His plan isnot to make sales, but break into the office and steal the good leads. Where desperate, angry men will do anything to get ahead, to get the premium leads. If you can appreciate powerful acting, films based on dialogue with few scene changes, and can withstand an absolute barrage of foul language which I must add is perfectly suited to this film , then this movie will blow you away. Alec Baldwin, in his greatest performance of his career, only taking up a mere 10 mins of screen time, tears the screen to shreds and burns the film up with one of the most incendiary, provocative, foul-mouthed, scene-chomping speeches ever. Lemmon and Arkin are perfect as the salesman who's luck has turned towards the negative. Every character in the movie is one that I recognized from my office experiences.
If you listen to theconversations you will notice that the Glengarry leads are the new leads,the ones given to closers, the leads given to those who go out and squeezeas much money out of people as they can so they don't lose their jobs. I cannot believe this film has been out there all these years and Ijust now saw it for the first time this week. Stage play movies are often times my favorites! I have since become endeared to the profane scherzo of the dialectic, the use of obscenity in a gritty realistic way; the cadence, the tempo and meter. It makes you wonder if you are indeed watching the same film. The first time I saw this movie my jaw was hanging down and my mouth wide open from start to finish. Glengarry Glen Ross is the story of a failing real estate office inwhich four agents are told they'd better get some property sold quick,or they'll be out of a job.
But for those begging for something of substance shouldlove this movie. Jack Lemmon is the oldlion of the bunch. All that I can say about Baldwin is that this is definitely his best performance and the writing for his character is unbelievable. Another of the film's strengths is the performance by Kevin Spacey, as JohnWilliamson, the office manager. In addition, Mamet has fleshed out the story line quite a bit for the film. Utterly joyless film, scripted by David Mamet from his Pulitzer Prize-winning play, about harried, put-upon real estate agents struggling to satisfy the corporate bosses and keep their jobs, lying to and cheating their clients, their co-workers, and maybe even themselves. Due to all the profanity in this film, it is basically not possible toshow it on network television.
The directing, the cinematography of the Chicago neighborhoods, and the aggregate irritation and unassuming aura which accommodates human failure by way of outdated restaurants and continuous subway noises, were all sensational in this movie. He makes Shelley a guy you can feel forwithout necessarily sympathizing with him. He's smooth and confident, and he seems to bethe only guy making any good sales recently. The mind tricks the salesmen are pulling are just amazing and may be compared to scenes of other great movies like The Wolf of Wall Street. . If you don't understandwhy,all you'll see is the viciousness, and you probably won't enjoy thefilm. There is one beautiful scene in particularwhen Jack Lemmon has just made what he thinks is a huge sale to breakhis slump.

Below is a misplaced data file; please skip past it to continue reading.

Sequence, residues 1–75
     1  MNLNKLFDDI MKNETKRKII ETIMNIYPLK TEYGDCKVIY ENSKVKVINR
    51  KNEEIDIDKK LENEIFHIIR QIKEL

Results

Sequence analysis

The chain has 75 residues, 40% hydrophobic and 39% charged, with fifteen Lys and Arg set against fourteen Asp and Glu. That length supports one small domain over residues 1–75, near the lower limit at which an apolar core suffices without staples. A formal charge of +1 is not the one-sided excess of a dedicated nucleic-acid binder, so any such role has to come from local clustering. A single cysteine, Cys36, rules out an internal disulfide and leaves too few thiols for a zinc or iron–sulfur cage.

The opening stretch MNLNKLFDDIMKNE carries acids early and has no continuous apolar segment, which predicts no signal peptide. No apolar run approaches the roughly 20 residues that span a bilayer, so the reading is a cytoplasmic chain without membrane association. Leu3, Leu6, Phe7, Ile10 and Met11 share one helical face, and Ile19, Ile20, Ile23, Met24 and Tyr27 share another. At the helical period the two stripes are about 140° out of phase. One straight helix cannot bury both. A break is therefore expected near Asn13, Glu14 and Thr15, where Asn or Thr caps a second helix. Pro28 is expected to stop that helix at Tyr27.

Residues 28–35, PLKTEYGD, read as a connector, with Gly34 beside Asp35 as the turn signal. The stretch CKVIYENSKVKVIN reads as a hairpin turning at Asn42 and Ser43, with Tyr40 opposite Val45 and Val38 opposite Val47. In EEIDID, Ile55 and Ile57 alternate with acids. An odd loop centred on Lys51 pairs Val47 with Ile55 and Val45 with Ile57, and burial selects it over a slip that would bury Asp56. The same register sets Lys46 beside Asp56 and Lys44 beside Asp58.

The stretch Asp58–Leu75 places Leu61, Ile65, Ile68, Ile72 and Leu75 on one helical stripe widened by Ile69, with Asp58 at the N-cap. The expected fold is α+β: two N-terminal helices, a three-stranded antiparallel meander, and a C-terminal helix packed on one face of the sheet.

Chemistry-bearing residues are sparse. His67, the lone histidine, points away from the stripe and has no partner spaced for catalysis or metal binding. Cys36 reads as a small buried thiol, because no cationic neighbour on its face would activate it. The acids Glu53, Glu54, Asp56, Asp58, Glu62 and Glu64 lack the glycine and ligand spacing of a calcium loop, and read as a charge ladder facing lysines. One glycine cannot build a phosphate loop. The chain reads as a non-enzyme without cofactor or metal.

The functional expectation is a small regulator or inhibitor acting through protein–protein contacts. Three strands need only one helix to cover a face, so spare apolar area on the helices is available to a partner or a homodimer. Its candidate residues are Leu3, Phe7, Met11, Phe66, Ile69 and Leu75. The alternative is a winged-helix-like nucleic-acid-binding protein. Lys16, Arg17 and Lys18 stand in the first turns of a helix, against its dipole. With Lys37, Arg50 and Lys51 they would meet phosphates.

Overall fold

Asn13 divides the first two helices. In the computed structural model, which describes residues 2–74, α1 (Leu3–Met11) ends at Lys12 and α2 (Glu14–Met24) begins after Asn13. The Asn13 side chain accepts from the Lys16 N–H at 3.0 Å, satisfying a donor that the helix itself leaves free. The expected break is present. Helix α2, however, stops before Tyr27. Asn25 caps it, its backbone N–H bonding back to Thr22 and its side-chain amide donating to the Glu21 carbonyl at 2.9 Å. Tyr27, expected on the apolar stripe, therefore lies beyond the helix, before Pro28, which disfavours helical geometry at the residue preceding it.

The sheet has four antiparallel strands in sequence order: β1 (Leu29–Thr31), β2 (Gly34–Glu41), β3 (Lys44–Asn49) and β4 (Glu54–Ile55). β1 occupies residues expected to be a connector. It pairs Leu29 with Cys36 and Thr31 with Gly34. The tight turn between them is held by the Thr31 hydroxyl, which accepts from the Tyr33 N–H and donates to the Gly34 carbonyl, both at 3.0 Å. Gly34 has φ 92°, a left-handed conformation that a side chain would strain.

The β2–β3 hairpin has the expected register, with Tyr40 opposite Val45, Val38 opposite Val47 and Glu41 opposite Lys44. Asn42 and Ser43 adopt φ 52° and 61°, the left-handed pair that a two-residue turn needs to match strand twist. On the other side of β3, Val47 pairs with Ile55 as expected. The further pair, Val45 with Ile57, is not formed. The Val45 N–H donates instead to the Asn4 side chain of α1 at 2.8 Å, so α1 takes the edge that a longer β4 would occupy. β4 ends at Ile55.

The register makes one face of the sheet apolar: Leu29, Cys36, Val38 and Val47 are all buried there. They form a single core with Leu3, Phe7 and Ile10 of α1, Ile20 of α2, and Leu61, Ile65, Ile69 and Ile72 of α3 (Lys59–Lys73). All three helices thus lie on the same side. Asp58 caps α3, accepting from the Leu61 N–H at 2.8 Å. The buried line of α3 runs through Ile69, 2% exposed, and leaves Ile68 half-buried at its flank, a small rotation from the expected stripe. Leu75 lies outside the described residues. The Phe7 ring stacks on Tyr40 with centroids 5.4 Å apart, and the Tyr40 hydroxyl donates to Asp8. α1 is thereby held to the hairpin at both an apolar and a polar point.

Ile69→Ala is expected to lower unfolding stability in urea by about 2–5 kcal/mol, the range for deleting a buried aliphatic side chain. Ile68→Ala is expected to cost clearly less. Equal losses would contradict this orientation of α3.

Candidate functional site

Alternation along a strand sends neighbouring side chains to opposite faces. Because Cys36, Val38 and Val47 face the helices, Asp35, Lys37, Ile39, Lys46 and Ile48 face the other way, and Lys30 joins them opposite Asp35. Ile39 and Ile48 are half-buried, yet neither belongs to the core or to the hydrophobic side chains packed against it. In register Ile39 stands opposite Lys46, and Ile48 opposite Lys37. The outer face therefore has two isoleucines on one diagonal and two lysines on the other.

Each actor has theircharacter down perfectly. Kevin Spacey is a spawn of nepotism, he is not only a jerk, but, a particular kind of jerk! I have ever since I canremember. As wonderfully realized by Arkin, he's the proverbial duck-out-of-water, whobelongs anywhere except in a job as a salesman. Not hot, willing to do anything to reach the top. When you haveactors this engaging, setting is definitely not the issue.
Ed Harris is great as the angry salesman who is willing to do what it takes to save his own future. If your career is finished, you in a sense are finished, and your emeritus years signify a painful non productivity. Lemmon, Pacino,and Bladwin are true masters. Themanis desperate to make money, not only to keep his job, but to pay for hisdaughter's medical treatment. Barbed, ugly, belligerent, it leaves the viewer beaten and bowed.
This is the salesman you hope you neverencounter, especially if something like the Brooklyn Bridge is beingoffered, as such overtures as those proffered by Ricky Roma are just toohard to refuse. Perhaps, Mamet did more directing than the writer normally would? It is adapted from the stage play, and I appreciate the way in which it was shot, retaining so much of the raw appeal that can only be felt at the theatre, as opposed to the cinema. Alan Arkin, George, is simply the loser. Foley knows it's about the characters and not about his personal style as a film maker; for that I give him credit. I believe this film to be a landmark pieceof cinema for this generation. Ed Harris is great as the angry salesman who is willing to dowhat it takes to save his own future.
But, he says, those guys who come in and burn everyone forasmuch money as they can get and then go to Argentina ruined a good thing. In college we used to watch this film over and over and rewind the speech 10 times over. You came here in aHyundai, I drive a 80,000-dollar Oldsmobile--that's my name. Ed Harris, as Dave Moss, is outstanding, also, creating a character whosebitterness seems to flow from the inside out, and has long since overwhelmedthat ability and better part of himself that could've made him a successfulsalesman, had he but turned his energies to more positive concerns and awayfrom the self-defeating, self-pity into which he has descended. He's a good talker, but he's been on a stretch ofterrible luck both professionally and personally. Frustrated and at the boiling point. Ed Harris is Dave Moss, a fighter, kinda like DeNiro in Raging Bull.